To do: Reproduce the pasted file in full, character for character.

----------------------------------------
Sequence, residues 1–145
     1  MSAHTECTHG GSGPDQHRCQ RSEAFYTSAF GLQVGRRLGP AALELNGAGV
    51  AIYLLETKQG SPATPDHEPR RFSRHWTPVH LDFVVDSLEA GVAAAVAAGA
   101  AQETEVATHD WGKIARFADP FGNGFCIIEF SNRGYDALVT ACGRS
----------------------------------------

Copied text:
Sequence, residues 1–145
     1  MSAHTECTHG GSGPDQHRCQ RSEAFYTSAF GLQVGRRLGP AALELNGAGV
    51  AIYLLETKQG SPATPDHEPR RFSRHWTPVH LDFVVDSLEA GVAAAVAAGA
   101  AQETEVATHD WGKIARFADP FGNGFCIIEF SNRGYDALVT ACGRS